John G. Spooner
Staff Writer, CNET News.com
The Free Software Foundation is calling on developers of open-source software to put their efforts into creating a free version of a crucial but obscure piece of software used in personal computers.
The Boston-based FSF wants to foster the broader development of free BIOS software for standard PCs. The BIOS, or basic input-output system, is a little-known application that acts as a go-between for a PC's hardware and operating system. It enables many advanced hardware features—power management for extending notebooks' battery life, for example.
Right now most BIOS software on PCs or computer motherboards is developed by a PC manufacturer or a BIOS specialist such as Phoenix. That manufacturer typically decides when and how the BIOS software is updated, if it's updated at all. The Free Software Foundation's effort to foster a free BIOS—meaning a BIOS that costs nothing and could be installed and used freely—would put control of BIOS more in the hands of end users, foundation President Richard Stallman said in a speech last week in Brussels, Belgium.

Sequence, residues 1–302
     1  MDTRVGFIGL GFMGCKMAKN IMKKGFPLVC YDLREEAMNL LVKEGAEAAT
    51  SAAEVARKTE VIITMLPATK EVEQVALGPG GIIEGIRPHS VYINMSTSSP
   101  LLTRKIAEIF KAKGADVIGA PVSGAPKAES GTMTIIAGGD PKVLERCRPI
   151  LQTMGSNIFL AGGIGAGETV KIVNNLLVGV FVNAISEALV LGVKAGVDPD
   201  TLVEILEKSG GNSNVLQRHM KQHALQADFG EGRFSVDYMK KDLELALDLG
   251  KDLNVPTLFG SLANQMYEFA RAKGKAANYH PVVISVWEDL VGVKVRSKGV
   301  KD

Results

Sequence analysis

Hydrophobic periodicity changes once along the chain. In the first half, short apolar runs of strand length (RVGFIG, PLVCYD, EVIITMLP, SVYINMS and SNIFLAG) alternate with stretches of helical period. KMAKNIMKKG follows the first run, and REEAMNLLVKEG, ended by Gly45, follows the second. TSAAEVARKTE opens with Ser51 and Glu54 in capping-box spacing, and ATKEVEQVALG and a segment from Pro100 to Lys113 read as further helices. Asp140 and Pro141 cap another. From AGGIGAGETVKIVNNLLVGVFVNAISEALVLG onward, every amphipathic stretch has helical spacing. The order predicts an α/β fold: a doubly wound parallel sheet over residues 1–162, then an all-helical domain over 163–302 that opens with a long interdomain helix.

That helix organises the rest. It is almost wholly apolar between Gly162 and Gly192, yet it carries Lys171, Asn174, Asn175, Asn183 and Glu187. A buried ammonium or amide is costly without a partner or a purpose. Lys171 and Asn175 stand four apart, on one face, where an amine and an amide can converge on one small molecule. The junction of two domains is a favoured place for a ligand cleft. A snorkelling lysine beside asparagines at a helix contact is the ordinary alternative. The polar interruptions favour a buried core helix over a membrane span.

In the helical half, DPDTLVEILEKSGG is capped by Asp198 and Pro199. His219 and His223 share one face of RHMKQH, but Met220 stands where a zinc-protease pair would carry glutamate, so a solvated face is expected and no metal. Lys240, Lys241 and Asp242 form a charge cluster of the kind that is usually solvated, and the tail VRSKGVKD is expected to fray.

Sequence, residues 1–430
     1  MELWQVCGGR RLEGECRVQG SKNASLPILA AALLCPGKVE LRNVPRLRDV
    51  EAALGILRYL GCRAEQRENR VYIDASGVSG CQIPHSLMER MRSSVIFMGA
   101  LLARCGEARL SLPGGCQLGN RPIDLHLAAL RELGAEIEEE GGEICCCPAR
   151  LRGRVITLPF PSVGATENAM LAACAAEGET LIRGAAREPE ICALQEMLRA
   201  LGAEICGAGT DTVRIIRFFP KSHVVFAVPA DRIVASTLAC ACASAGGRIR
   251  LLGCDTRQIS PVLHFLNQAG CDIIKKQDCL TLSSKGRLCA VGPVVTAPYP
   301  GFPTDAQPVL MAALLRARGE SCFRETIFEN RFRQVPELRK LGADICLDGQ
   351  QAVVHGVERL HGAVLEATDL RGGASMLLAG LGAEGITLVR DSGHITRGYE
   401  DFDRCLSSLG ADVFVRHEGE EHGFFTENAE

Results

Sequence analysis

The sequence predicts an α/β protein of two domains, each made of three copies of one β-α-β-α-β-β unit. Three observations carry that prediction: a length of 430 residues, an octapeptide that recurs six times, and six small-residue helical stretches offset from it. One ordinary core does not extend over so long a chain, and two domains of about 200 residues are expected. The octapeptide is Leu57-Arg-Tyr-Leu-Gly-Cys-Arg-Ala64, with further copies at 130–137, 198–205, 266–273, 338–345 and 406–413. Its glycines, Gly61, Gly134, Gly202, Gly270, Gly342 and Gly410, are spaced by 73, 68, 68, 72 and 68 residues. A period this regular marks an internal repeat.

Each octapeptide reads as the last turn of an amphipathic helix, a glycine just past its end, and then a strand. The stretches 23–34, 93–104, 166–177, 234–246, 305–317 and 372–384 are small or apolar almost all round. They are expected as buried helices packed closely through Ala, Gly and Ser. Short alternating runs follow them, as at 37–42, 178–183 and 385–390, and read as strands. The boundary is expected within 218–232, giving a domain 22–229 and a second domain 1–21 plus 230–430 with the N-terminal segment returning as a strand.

Even though free BIOSes such as LinuxBIOS exist, Stallman called for more development for what he called PC clones—standard desktop and laptop PCs.
"How to install a new BIOS is...secret on many machines. And so far, most manufacturers have not given us the necessary cooperation of providing these specifications," he said. "Some desktop machines can run a free BIOS, but we don't know of any laptop that can do so."
The effort could also help solve a long-running Linux bugaboo. Because BIOS software is closely held, software writers don't have access to its source code, often making it difficult to get sophisticated computer features such as power management to work with Linux.
So far, free or open-source BIOS projects have received some support from the Linux community and also big names such as Intel.
The LinuxBIOS, a BIOS replacement based on the Linux operating system kernel, has been in development since 1999 and can be used with a number of motherboards for AMD processors.
Intel also has been working to update the technology that underlies most BIOSes, which it has promised to release as open-source software. Stallman, however, described that effort as incomplete.
Intel did not immediately respond to a request for comment.
To help foster more free BIOS software, the foundation is asking for people to pitch in on development issues, such as determining how to install new BIOS software on PCs. It is also encouraging people to buy motherboards that use free BIOS software, including the LinuxBIOS, and to patronize companies such as AMD, which it says supports free BIOS. In addition, it is asking people to write letters to others, like Intel, in an effort to convince them to support free BIOS software.